Technology Background

Personal Credentials


Nanotechnology is about the preparation, assembly, manipulation and study of matter on the nanometer (nm) scale. A nanometer is one millionth of a millimetre. By comparison, a human hair is about 80,000 nanometers. The nanometer scale is the scale of atoms and molecules.

Perhaps the first scientific vision of nanotechnology published was Richard Feynman's famous talk to the American Physical Society in 1959 entitled "There's Plenty of Room at the Bottom" (to read the talk, click here). The demonstration in laboratories followed substantially later, with the development of new techniques such as tunnelling microscopy, short-wavelength lithography and molecular self-assembly techniques, and advances in chemistry, physics and engineering.

Nanomaterials have special properties because of their small size or length scale. A particularly old example of the use of nm-sized gold particles to colour church windows red in the Middle Ages, even if no one at the time knew they were using nanomaterials. The special properties of nanomaterials result from such properties as quantum size effects, enhanced surface area and interpenetration of different materials on small length scales. Some examples of nanomaterials include

  • · Nanocrystalline, highly porous metal oxide films, which can be chemically modified and used for solar energy, electronic displays, smart windows, batteries and diagnostic devices
  • · Carbon nanotubes, which show high electrical and thermal conductivity, good electron emission and immense strength
  • · Composites of polymers and nanomaterials, e.g. carbon nanotubes, yielding polymers with improved conductivity or strength at very low loading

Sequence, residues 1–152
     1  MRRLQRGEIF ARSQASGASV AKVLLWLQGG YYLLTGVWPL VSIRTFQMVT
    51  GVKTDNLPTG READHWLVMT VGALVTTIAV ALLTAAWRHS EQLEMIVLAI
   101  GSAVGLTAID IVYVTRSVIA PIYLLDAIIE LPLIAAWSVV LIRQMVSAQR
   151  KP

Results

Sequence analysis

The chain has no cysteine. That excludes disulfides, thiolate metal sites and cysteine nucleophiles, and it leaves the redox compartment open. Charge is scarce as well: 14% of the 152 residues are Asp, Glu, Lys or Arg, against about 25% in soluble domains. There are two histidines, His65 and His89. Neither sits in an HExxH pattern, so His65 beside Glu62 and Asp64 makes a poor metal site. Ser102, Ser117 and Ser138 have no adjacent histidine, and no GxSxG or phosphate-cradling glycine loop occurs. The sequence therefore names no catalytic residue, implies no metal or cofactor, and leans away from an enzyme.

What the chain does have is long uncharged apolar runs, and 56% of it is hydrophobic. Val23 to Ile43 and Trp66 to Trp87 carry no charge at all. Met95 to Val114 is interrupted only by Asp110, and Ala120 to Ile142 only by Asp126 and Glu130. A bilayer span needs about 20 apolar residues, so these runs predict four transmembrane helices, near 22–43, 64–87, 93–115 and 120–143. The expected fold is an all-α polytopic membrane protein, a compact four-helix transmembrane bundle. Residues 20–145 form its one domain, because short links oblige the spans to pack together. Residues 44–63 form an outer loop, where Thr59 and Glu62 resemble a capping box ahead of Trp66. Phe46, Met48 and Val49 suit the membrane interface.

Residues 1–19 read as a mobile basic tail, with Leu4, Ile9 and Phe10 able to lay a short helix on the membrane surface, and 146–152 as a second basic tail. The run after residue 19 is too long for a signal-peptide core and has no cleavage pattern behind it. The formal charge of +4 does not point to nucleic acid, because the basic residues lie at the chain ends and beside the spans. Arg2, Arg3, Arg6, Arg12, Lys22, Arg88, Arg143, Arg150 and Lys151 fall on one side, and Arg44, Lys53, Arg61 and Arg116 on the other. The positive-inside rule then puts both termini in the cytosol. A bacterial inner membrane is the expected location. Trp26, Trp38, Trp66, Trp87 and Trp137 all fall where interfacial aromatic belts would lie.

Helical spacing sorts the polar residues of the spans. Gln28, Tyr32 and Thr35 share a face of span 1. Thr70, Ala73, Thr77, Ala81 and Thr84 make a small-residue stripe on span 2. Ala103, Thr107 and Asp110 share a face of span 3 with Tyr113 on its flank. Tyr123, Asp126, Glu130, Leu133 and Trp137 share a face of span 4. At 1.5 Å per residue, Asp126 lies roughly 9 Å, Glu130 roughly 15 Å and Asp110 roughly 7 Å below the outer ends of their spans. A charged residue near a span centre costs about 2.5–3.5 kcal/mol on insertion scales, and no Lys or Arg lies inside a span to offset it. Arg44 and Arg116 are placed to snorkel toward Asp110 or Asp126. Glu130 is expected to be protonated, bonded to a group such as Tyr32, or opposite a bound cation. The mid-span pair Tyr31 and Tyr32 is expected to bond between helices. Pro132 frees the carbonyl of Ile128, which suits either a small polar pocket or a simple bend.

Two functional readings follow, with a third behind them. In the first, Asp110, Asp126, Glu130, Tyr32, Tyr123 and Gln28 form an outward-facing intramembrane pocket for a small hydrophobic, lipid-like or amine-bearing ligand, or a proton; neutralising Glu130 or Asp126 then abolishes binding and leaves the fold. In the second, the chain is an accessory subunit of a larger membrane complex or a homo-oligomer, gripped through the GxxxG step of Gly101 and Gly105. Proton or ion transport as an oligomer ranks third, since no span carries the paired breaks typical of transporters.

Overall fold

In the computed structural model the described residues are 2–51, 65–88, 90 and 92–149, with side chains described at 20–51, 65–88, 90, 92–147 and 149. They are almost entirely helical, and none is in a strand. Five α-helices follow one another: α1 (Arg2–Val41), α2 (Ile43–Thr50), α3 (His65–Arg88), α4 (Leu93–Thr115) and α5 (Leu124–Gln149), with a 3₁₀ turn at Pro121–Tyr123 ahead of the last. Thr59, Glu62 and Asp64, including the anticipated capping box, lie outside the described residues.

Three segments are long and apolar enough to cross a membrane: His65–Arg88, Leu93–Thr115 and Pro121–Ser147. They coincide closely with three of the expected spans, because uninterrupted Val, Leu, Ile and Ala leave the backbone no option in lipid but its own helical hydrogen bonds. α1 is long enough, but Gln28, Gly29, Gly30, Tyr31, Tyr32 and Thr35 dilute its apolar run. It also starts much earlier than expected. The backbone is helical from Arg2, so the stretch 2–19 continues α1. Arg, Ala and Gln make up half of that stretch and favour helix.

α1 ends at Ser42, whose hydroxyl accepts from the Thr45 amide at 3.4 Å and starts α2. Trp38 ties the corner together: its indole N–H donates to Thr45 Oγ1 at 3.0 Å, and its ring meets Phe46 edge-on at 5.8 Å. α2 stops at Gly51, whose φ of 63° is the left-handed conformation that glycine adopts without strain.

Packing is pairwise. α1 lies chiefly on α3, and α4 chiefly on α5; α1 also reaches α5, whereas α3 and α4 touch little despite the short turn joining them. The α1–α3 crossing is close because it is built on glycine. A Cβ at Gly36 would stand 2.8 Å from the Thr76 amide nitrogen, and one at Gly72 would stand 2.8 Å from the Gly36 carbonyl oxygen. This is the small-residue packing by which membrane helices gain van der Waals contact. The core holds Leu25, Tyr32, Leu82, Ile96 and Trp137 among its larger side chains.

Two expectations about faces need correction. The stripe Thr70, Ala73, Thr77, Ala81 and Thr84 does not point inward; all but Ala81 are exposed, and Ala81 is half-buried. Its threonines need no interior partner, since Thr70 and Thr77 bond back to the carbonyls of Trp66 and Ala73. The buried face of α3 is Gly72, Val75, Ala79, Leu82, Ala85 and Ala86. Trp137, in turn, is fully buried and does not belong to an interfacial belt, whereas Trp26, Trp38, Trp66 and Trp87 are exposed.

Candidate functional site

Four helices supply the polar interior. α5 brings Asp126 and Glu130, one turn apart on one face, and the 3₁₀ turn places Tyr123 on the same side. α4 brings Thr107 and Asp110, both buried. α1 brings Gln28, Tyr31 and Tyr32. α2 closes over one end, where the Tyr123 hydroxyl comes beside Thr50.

• · S-layer protein crystals that can be used as a basis for ultrafiltration or as templates, e.g. for electronic devices on a nm scale

Another key aspect of nanotechnology is the development of new ways of structuring materials. Current "top down" manufacturing methods, e.g. in electronics, are in a way comparable to creating a statue from stone by carving away what is not needed. New self-assembly techniques use intelligent chemistry and an understanding of how nature assembles complex structures to build materials and systems from the "bottom up". Some examples of these are the self-assembly of nanoparticle arrays using molecular recognition, the assembly of complex structures in block copolymers by controlling interaction between the blocks and the creation of synthetic opal structures by controlling a polymerisation reaction.

Although products based on nanotechnology are only beginning to enter the market, the market is expected to become billions in the near future, and nanotechnology is commonly identified as one of the key technologies for the 21st century.

For more on nanotechnology, one good link can be found here.


Functional Materials

Under construction


New Display Technologies

Under construction


Technology Background